I have always known that depression is a family’s dirty little secret. It is something people don’t talk about. It’s a shameful thing to have in your family. And now, I was my family’s dirty, little secret. I forced myself to talk about it but I was very cautious about who I was willing to tell. Again, I know how lucky I am. My husband is from a culture where mental illness is not shameful or an embarrassment to a family. In his culture people accept mental illness as just that, an illness that one has no control over. It is as “normal” as cancer or any other disease. He encouraged me to talk about what I was feeling and to take the help I was being offered. To try my best to heal. Through all this I began to realize depression was in my family. I began to think about the stories I had heard over the years and started to put together information and found that I could go back 3 generations and find family members who had suffered from depression. No, it was not talked about, for obvious reason in the early days but not even now. So many people feel that someone with depression is weak, needs to toughen up, just move on, are craving attention, are unpredictable, scary, or just plain “crazy”.
There are two people who had a huge influence on my recovery. One is a nurse who helped me see I was okay and that I should be gentle with myself. She reminded me that people use to whisper about breast cancer. Now, we talk loud, don’t think of it as an embarrassment and even run for the cure. There is no shame in mental illness. The second person is Andrew Solomon. I listened to his story about his struggle with depression and it sounded so much like mine. It encouraged me and made me feel that I would be able to move forward into a new life. “The opposite of depression is not happiness. The opposite of depression is vitality.”
Let me say again: Depression is not ordinary sadness. Most people go through a sadness or depression when something big happens in their life. A death, a divorce, an accident etc and then usually within a few months they feel better. Are ready to resume life and be themselves again. Some of these people get help, use medication or just naturally work through the issue. Experts say that on average someone with this kind of depression will get better within three months. Let me share what the experts describe as the symptoms of depression.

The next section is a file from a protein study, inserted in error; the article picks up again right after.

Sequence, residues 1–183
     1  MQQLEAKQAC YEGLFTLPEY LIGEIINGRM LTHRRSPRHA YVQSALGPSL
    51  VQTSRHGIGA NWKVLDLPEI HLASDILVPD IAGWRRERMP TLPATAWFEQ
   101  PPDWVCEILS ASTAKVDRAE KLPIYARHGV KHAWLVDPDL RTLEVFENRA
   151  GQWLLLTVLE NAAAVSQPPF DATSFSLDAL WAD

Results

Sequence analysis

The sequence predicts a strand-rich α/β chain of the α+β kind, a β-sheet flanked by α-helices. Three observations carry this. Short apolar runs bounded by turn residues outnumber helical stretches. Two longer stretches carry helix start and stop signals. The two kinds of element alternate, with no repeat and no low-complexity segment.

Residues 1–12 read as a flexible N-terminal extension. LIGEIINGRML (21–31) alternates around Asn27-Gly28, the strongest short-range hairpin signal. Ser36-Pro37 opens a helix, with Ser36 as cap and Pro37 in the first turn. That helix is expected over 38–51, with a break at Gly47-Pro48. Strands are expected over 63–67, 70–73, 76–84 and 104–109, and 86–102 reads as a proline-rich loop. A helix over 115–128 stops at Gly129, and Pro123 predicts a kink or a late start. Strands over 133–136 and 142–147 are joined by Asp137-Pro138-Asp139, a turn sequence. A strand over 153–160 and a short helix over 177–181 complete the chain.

Feeling sad or down most of the time.
The person looses interest in the activities they enjoy.
The person feels tired most of the time.
The person has trouble concentrating and staying focused.
They seem to enjoy life less and less.
They feel worthless and hopeless.
The person feels this way everyday, all day for at least two weeks.
I had everyone of these symptoms. For me it was very gradual and with each new symptom I told myself it was my surroundings that were changing. I never thought mental illness was a possibility. In some ways I am sure I didn’t want it to be a mental illness. I knew it was in my family. I knew it could be hereditary. But I assumed I was not at risk. It would never be me.
4. I learned that in order to heal I had to be off work and take care of myself. I was sick. Not an easy lesson to learn for me. I had always faced my issues head on and kept going. I had always striven to take care of my husband and children, to be a support for people I worked with, teach those children that didn’t like school, to try and get along with everyone in my extended family, work hard in the church and basically be a rock for those who needed one. 5. I have learned that I am a perfectionist. Yes, me! I never thought of myself in this way. I didn’t do well in school, I didn’t care if my house was clean, I didn’t strive to be successful: all signs of being a perfectionist or so I thought. 6. I have learned that perfectionists do not want to be the centre of attention in social settings because they fear doing something others will consider stupid. 7. I learnedthat what I was going through, the depression was not my fault. I was sick. I began to call mental illness “brain disease”. Why not? Every organ in our body can get sick, why not the brain. It is an organ.